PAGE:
Saturday, October 25, 2014

Lowering the Neck

During a lesson with my trainer last month, we were working the shoulder-in. As normal for us right now, Guinness was over-flexed to the left, and falling off the wall. To the right, he was stiff as a board and felt that moving his shoulder off the wall was completely impossible. These little issues are fixable for us now, but often result in Guinness getting tense and nervous.

Again, the thoroughbred mind in dressage.

This horse wants to do it right, but when he is corrected, he will often panic. In an effort to keep him relaxed and his mind spinning in a productive way, my trainer asked me to do something that should have been obvious, and easy.

"Lower his neck"

And I did.

Something so simple, so direct, is actually so hard. Fighting tension in this horse has been my life for the last three years. Tension rockets his head into my lap, and his back into an uncomfortable U-shape. Lowering his neck has been impossible. In the past, putting him into a lower frame has taken laps (LAPS!) of the arena, and lots of coaxing.

On that day, I simply thought "softer" with my outside elbow and lengthened my arm an imperceptible amount, offering him the space to lower his neck and fill up the space with his topline. And, he took the bait. His back lifted, his neck filled up like a balloon, and his frame lowered. At the same time, his steps took on a little bit more loft, and he was better able to step under and pick his shoulders out of the way.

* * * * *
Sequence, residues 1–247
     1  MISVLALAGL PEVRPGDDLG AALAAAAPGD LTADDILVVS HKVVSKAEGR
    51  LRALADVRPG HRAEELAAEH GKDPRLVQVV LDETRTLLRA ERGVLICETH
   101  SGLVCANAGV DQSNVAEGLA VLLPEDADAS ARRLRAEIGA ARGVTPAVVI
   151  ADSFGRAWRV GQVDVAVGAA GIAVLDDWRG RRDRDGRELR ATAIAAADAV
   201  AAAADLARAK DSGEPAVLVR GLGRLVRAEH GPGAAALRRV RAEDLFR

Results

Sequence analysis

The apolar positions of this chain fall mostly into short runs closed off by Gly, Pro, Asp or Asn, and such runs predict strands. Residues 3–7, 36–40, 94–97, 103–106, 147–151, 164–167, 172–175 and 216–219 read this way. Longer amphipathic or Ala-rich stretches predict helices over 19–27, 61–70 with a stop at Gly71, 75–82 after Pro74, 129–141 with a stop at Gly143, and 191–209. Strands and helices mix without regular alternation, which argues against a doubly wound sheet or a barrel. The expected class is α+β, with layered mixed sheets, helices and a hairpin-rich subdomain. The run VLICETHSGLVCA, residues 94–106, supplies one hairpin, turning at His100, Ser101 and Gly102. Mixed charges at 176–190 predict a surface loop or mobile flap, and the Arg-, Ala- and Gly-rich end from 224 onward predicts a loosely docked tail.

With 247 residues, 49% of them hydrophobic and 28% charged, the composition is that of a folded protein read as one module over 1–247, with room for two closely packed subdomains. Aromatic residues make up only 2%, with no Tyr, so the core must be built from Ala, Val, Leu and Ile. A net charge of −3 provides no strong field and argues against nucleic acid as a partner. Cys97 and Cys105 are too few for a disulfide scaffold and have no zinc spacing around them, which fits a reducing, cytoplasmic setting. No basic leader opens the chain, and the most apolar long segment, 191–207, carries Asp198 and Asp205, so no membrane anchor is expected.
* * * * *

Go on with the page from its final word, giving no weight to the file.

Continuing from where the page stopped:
Lowering the neck. I've got to remember that this tool exists.

8 comments:

  1. Releasing is always the hardest part for me! I had a trainer who would occasionally tell me to "push" the reins toward the bit as a way of getting me to release, particularly the outside rein as you describe here, and it always results in the same changes you see here: a more engaged, stronger through his body horse.

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    1. It's so counterintuitive, but works so well!

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  2. It's easy to forget. I'm glad that it helped so much!

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  3. interesting - glad it worked! i tend to get my horse a little 'stuck' so definitely need to remember to release and give her that space.

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    1. "Stuck" is something I am all too familiar with. Guinness is an interesting case, because leaps to the "I'm trapped!" conclusion easily, but without a solid hold he disappears on me. It's a balance.

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  4. Also had another 'move hands a tinnyyyyyyyyy bit forwards and make elbows just that bit softer' moment the other day and boy did our transitions improve a lot! It's the little things that in the end tend to have the biggest effect. But yay for such a positive reaction from Guinness <3

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    1. Ah! So great to hear someone else having the same effect! Softness is a huge struggle with this horse, so I'm super happy to have it be an option right now!

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